The Good and the not so good – Part 2

Contd….Part 2 of  a round-up of some “Inspired” stuff and some which is distinctly average .

Panasonic Toughbook : toughbook.jpgPanasonic might be slipping in the Plasma/ LCD battle but it has the field completely upto itself in the “rugged” notebook market with its TOUGHBOOK range. These are premium priced laptops designed to survive a lots of things (the elements, a 1m fall) . Businesses requiring computing on the move ( eg utilities, oil drillers etc) are the main buyers. Sure the volumes are not as huge as the consumer laptop market but in a highly competitive category this is a profitable niche. They have recently extended the “toughbook” range to the executive laptop market. The extension is a good idea but the sub-branding could have been better and the handle (which I think is core design equity) should have stayed, even if it adds a bit of weight. Within the consumer sector, they should perhaps look at emerging markets with humid and dusty conditions. How about a “tough-mobile” ??  

Diet Coke plus ( launched Oct 2007 in UK) :Can’t give up the habit of 5 a day Diet Coke. Reduce your guilt by having Diet Coke plus, infused with Vitamins (or antioxidants). Add goodness to addiction. This sounds similar to McDonald’s attempt to go healthy with grilled sandwiches and salads. Make the heavy user feel good or less guilty about the habit , drive more consumption amongst occasional drinkers and pull back lapsed users who had health concerns about soda. Haven’t tasted it yet but if it tastes like Diet Coke (which is what the reviews say), it should add some fizz to the sales. The packaging is distinctive, but they miss the trick on pricing again (refer previous post- Strong Brands, Timid pricing). As an aside, contrast the prominence given to the parent brand on the packaging of “Diet Coke Plus” to “Jazz by Diet Pepsi”. Is this Pepsi’s attempt to get hardened Coke loyalists into its fold by downplaying the Pepsi logo on the pack? Maybe they have research which says a large number of Coke users diet-coke-plus.jpg dietpepsijazz.jpgdon’t even look at anything branded Pepsi.  

Burger King : I prefer a BK Whopper to a Big Mac anyday. It is simply a superior product, far more tasty and succulent than McDonalds’ comparable offering.  McDonalds has far greater global reach and BK can never catch up (what a shame). But BK is doing well. Business results in the core US market have been strong with 16 consecutive quarters of growth. The core target audience for the two brands has always been a bit different with BK attracting less children and more adults . With McDonald’s getting distracted with offering discount gourmet coffee, I see more burger lovers talking to the King rather than Ronald the clown.  BK’s marketing has also been sharp over the last 2-3 years (to be expected from a challenger brand) with, www.subservientchicken.com, product(Whopper) creation in “The Apprentice” and more recently the whopperfreakout. Thankfully in Hong Kong the BK franchisee seems to be quite strong as they are located at all the right places, e.g  the airport , the tourist hotspot-Peak.  Long live the King !  

Diesel : They have launched a new fragrance recently. diesel.jpgOne would typically not associate Diesel with fragrances. However with this launch I am sure they have moved up the recall ladder.  Stand-out packaging , communication which breaks category norms in content as well as look and a brilliant launch platform – “Fuel for life, Use with caution”. Sharp, whacky, irreverent and totally on brand.  Builds revenue via a new product line and also strengthens the overall brand cachet. The retail activation (or rather theatre) at the airports was also great. I have never seen something like that for a fragrance launch. Read more about the 360 degree launch here.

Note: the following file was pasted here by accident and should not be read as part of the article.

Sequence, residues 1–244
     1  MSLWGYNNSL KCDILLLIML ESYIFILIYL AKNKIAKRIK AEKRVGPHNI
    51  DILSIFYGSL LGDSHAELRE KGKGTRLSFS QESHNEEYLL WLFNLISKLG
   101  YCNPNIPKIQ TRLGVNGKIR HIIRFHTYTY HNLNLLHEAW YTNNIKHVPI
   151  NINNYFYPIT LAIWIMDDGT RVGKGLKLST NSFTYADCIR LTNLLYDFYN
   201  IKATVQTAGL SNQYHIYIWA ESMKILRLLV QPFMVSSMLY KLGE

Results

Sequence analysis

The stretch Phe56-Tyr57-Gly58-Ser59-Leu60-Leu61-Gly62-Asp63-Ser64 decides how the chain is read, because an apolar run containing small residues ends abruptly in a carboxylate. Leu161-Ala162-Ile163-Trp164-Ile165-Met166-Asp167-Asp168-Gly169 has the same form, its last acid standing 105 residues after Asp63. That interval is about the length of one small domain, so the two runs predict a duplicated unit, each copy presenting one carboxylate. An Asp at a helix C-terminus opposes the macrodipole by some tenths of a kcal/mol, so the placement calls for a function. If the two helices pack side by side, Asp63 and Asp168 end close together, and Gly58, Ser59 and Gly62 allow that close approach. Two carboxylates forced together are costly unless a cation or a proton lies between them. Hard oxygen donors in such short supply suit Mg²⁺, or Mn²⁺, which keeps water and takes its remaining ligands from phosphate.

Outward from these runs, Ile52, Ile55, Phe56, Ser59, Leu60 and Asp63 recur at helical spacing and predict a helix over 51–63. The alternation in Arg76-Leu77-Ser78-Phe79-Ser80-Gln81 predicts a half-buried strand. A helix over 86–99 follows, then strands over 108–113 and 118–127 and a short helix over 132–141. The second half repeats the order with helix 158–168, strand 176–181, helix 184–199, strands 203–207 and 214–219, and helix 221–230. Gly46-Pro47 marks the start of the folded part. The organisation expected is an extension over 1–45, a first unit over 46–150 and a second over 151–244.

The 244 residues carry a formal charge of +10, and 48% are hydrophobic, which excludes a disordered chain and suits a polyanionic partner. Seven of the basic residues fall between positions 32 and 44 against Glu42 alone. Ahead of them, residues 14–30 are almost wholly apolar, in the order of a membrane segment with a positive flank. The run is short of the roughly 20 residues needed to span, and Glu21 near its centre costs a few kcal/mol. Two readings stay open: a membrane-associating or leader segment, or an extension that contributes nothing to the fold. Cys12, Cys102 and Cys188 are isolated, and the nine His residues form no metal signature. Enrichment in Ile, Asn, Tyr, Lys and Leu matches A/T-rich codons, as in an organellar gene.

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2 responses to “The Good and the not so good – Part 2

  1. “Tough-mobile”? Well, there is one …the Nokia 5140. It’s a rugged handset with a tough rubberised bodywork, it is the ideal handset for building contractors and other manual workers as it sure can take the knocks. I actually threw one across the room, bouncing off the wall before hitting the floor. And it still worked perfectly. Try that with your fancy new Sony Ericsson.

    The 5140 is touted to withstand a fair bit of abuse and survive drops and splashes where other phones might end up damaging their innards. The battery pack rests under an almost watertight flap that helps keep the moisture out. The rubberized body houses quite a potent phone. It’s triband, features a VGA camera with a sequential shot mode, digital compass, flashlight, a thermometer and a decibel level meter, speakerphone and, it has the contractor’s favourite must-have accessory – a FM stereo radio.

    It that’s not tough enough, you can always go for the original “tough-mobile”…. the renowned Motorola brick phone. You can snag yourself a refurbished Motorola DynaTac 8900X. Shops around China are hacking it with new color LCD screen and components. The original weighed a heft one kilogram, making it an effective secondary weapon in the battlefield when you run out of ammunition.

  2. As a woman I find the Panasonic toughbook totally irrelevant for me, the toolbox-like design and the not-so-fancy color keep me wonder if this “thing” is a computer at all!

    BUT, isn’t this what “targeting” is all about? You find a niche of the market and go full on with the niche-offer, for sure this offer will alienate the rest of the other consumers but does it matter? Sometimes we just need to be daring and radical enough to breakthrough the clutter that takes others by surprise.

    p.s. By the way, Sean, I am a loyal Sony Ericsson / Apple user. That probably explains why I hate the tough-mobiles 😉

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